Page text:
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Matt Nelson, Illinois State University, firstname.lastname@example.org
Michael Shaw, University of Illinois, email@example.com
Troy Strader, Drake University, firstname.lastname@example.org
Chandra Subramaniam, University of North Carolina – Charlotte, email@example.com
The eBusiness and eCommerce Special Interest Group (SIG) has assisted with coordinating research tracks at the America’s Conference on Information Systems (AMCIS) for more than 15 years. Over the course of this timeframe, the eBIZ SIG has greatly benefited from a stable, responsive and reliable group of mini-track chairs, SIG leaders, contributing authors, reviewers and panelists. The eBIZ SIG tracks received approximately 45 submissions in 2013, 30 paper submissions in 2014, and 58 paper submissions in 2015. There is little doubt of the continued and growing interest in this line of study.
For AMCIS 2016, SIGeBIZ is proposing the focus of the tracks to be on technical, behavioural, design and strategic research issues associated with Digital Commerce. This encompasses studies of Internet-enabled transactions between consumers, businesses, and other organizations, as well as use of Internet technologies within organizations. The studies may utilize any research methodology. Related online business topics such as legal, ethical, and societal issues would also fit in this track.
This mini-track recognizes the increasing importance of social media and social commerce to businesses and organizations, and highlights the quickly changing environment and development in this field. This mini-track provides a forum for researchers, educators, and practitioners working in the areas of social media and social commerce to meet and interact. The mini-track serves as an outlet for studies related to technology, business models, protocols, industry experiences, legal aspects, security issues, and innovations in social media and social commerce. We welcome all aspects of research related to social media and social commerce and are open to all types of research methods (e.g., simulation, survey, experimentation, case studies, action research, etc.).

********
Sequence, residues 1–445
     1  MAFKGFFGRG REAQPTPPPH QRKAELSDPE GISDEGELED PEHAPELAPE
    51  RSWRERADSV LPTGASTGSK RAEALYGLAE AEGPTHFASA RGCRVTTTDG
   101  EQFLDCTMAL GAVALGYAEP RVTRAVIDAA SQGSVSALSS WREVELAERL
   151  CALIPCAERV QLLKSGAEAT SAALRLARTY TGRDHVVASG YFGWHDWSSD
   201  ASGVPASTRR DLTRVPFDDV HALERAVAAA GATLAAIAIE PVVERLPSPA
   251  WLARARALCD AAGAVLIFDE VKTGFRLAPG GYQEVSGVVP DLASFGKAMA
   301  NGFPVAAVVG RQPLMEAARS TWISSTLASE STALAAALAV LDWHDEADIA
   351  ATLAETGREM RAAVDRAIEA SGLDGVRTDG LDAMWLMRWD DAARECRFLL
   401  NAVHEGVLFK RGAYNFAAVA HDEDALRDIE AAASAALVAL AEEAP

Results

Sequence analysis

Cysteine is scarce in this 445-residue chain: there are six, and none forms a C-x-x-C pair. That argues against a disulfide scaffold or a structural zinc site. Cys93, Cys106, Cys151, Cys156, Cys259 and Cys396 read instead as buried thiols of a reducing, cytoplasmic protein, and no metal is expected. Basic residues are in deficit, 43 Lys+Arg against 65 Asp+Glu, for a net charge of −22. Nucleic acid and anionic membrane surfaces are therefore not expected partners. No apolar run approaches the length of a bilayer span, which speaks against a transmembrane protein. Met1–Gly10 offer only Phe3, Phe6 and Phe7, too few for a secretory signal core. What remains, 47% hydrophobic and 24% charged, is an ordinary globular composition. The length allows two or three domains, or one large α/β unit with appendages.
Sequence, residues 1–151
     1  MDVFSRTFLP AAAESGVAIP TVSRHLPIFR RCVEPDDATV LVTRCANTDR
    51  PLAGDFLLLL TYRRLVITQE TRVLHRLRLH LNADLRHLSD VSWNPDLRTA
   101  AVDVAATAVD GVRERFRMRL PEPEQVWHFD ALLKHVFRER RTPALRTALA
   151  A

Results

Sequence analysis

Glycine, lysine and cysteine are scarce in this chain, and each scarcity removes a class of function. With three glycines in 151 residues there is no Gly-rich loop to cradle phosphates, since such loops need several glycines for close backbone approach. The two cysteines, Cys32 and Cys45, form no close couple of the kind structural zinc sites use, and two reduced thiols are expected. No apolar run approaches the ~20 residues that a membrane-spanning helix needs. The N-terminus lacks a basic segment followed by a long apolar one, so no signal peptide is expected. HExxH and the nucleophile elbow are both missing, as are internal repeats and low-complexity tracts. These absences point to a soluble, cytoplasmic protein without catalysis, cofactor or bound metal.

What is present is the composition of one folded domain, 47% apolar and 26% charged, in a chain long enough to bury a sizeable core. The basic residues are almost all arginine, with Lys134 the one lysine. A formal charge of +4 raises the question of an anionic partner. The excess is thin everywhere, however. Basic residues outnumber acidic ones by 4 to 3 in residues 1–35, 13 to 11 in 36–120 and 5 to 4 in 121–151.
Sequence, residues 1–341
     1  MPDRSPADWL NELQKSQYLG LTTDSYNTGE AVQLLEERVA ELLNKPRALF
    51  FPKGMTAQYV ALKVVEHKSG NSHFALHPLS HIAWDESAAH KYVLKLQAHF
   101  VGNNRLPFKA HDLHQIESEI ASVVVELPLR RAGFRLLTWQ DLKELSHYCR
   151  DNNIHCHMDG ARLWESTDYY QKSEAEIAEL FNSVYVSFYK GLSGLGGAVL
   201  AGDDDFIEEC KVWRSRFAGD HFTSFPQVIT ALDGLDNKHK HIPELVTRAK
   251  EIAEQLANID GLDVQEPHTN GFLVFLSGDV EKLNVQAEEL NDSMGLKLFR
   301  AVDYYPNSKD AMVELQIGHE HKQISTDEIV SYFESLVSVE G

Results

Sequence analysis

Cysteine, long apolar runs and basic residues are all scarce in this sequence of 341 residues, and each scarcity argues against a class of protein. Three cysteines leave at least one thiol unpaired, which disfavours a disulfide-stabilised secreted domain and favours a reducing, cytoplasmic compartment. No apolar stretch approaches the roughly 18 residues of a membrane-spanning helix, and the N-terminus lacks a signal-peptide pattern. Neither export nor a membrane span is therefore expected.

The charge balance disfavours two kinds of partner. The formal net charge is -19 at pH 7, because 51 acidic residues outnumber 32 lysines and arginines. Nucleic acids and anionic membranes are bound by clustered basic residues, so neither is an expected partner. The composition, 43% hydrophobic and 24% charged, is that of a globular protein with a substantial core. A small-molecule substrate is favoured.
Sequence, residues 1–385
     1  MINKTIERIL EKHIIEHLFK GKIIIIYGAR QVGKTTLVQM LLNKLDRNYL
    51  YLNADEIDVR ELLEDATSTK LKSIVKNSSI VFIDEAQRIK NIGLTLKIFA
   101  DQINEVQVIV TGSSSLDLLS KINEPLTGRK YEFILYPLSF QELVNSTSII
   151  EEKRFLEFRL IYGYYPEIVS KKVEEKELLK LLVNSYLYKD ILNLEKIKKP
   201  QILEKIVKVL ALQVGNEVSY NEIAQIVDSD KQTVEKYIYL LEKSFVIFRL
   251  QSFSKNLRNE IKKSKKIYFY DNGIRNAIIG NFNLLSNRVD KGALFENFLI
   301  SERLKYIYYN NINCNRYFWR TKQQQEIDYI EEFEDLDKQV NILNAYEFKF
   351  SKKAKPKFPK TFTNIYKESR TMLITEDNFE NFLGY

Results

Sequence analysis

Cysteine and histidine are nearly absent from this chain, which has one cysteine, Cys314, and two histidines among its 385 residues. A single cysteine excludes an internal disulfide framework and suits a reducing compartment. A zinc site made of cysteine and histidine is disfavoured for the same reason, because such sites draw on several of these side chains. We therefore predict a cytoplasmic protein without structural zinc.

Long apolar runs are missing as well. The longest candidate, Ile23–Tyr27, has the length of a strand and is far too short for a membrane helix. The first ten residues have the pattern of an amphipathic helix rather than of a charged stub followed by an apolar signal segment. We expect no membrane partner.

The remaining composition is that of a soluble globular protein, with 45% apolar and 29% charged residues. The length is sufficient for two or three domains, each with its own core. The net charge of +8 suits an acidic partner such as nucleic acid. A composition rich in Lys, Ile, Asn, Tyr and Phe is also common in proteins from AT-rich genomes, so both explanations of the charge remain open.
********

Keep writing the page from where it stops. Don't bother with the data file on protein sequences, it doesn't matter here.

The pervasive use of digital media in both personal and organizational settings has resulted in a variety of new methods in which transactions occur in real-time across borders. While these technologies have been developed to enable widespread efficient communications, they also present distinct challenges in identifying and mitigating various forms of consumer fraud. IS-enabled capabilities provide more efficient and effective cooperation between non-collocated individuals and facilitate internet-based commerce. However, the same enabling characteristics of information systems also generate new settings in which consumer fraud can occur. Thus, an ongoing challenge in the development of communications media and transaction systems is the need to address the balance between security and the deterrence of illicit behaviors with the practical requirements of communications in modern social and commerce systems. This mini-track seeks to explore how communication and transaction systems promote or deter malevolent consumer exchanges. We encourage papers that study the fraudulent use of information systems in personal contexts, and papers that describe or predict how characteristics of information systems can encourage, or deter, various illicit or malevolent behaviors. This mini-track is open to both theoretical and empirical studies, and is open to all research methods (e.g., field studies, case studies, surveys, secondary analysis, experimentation).
Dr. Hans-Dieter Zimmermann, FHS St. Gallen University of Applied Sciences, firstname.lastname@example.org